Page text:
Cord cutting via online streaming services was supposed to free us from the stupidities of cable and satellite.
You know the ones I mean. Paying for dozens of channels you don’t want in order to get the two or three you actually watch. Losing channels because the channel and the carrier are feuding.
And yet, here we are.
Want to watch Food Network? You either need to have a subscription bundle from a streaming provider such as Sling, YouTube TV, or Philo, or you need to be signed up with a Dish, Comcast, or some local cable system.
Because if you don’t have a streaming bundle that includes the channel, Food Network’s standalone streaming app requires a sign-in via “your TV provider”. And may still be subject to blackouts for some shows.
Ditto for other popular channels.
There are some channels that have their own services. You can get ESPN+ for a mere six bucks a month. Not bad–but wait! That’s not the ESPN TV channels. It’s extra content and on demand access to the talk shows and other not-actually-sports content. Want the familiar channels and the sports from your local listings? You can stream ESPN, ESPN2, ESPN3, and ESPNEWS and the other channels in the ESPN family if you sign in via your “content provider”. What’s that? Yup, your streaming aggregator, such as Sling, YouTube TV, Fubu, or your satellite or cable provider.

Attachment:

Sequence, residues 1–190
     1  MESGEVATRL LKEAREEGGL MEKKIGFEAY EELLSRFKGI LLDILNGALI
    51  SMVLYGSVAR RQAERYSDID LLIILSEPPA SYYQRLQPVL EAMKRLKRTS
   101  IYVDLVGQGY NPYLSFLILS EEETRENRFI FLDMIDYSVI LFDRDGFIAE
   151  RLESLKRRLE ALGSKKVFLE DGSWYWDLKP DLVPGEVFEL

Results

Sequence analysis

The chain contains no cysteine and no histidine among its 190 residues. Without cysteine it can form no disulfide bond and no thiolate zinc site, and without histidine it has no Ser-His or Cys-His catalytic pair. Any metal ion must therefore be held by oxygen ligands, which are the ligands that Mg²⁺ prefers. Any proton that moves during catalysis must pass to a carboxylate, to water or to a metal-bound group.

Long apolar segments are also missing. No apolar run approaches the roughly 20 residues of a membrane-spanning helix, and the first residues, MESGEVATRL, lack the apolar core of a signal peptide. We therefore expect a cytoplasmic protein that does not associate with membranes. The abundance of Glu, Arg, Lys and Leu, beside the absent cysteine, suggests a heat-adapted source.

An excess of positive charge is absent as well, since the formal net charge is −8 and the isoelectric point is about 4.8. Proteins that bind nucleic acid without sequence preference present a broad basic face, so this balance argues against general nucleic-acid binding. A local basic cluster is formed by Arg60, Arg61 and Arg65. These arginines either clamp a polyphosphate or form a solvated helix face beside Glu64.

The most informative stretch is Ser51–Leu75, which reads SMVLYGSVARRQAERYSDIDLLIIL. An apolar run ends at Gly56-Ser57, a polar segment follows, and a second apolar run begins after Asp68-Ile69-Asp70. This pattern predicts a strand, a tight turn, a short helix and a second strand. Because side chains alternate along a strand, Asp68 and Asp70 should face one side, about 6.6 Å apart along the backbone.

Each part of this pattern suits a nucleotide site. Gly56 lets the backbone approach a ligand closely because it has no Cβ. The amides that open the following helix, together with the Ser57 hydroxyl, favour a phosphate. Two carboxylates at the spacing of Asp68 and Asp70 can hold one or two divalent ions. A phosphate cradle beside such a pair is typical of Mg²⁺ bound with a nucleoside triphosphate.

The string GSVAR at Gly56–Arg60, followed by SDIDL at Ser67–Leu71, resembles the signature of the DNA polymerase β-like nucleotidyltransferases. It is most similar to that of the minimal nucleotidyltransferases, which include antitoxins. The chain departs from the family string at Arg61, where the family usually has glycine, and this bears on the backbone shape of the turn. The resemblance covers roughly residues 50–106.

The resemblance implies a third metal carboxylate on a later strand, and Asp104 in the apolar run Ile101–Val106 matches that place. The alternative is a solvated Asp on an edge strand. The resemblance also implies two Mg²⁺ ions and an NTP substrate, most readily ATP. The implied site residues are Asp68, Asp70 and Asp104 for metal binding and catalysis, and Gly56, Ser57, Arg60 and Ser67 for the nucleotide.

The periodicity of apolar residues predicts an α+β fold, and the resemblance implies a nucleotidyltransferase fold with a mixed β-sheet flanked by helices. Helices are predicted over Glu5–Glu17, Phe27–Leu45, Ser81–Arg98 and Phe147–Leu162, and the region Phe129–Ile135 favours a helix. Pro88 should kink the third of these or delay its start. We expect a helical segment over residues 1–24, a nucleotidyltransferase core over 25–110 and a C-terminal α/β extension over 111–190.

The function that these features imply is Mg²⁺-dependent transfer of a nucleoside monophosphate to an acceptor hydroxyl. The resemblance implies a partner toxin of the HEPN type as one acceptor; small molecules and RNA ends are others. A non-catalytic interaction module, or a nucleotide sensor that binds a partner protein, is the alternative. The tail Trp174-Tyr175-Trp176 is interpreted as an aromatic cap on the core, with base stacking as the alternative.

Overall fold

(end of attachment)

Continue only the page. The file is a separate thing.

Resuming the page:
Then there’s that lovely reminder of days not-so-gone-by, the carriage dispute.
Remember those? Your cable provider would threaten to drop a channel because of the cost; the channel would claim the cost was necessary to pay for the content; the cable system would remind everyone that if the popular channels didn’t subsidize the niche content, it wouldn’t be able to carry those small channels; and then they’d raise the cost of the cable subscription or drop the channel. Or both.
Now our streaming world has raised the ante. Instead of threating to drop channels, they threaten to drop whole streaming aggregators.
Seriously. Roku is currently feuding with YouTube TV and threatening to force them off of all Roku streaming boxes. Google is responding by complaining about Roku taking negotiations public.
And the viewers simply roll their eyes, well aware that there are plenty of other ways to get YouTube TV’s content on their televisions. Roku may be the big name in streaming boxen, but there are smaller companies playing in that pool. You might have heard of some of them: Google. Apple. Amazon.
There are only two ways this can go. If Roku gets too aggressive and throws too many services off their hardware–or starts charging a monthly fee on top of the cost of the box–customers are going to migrate to cheaper and/or more flexible systems. Or they can stay the course, keep themselves an open and independent portal, concentrate on convenience and ease of use, and they’ll still be around, still making money, years down the road.
Right now, though, the posturing and threats are a pain in the rear–or, more accurately, a poke in the ear.
Annoying that the brave new world looks and sounds so much like the old one.
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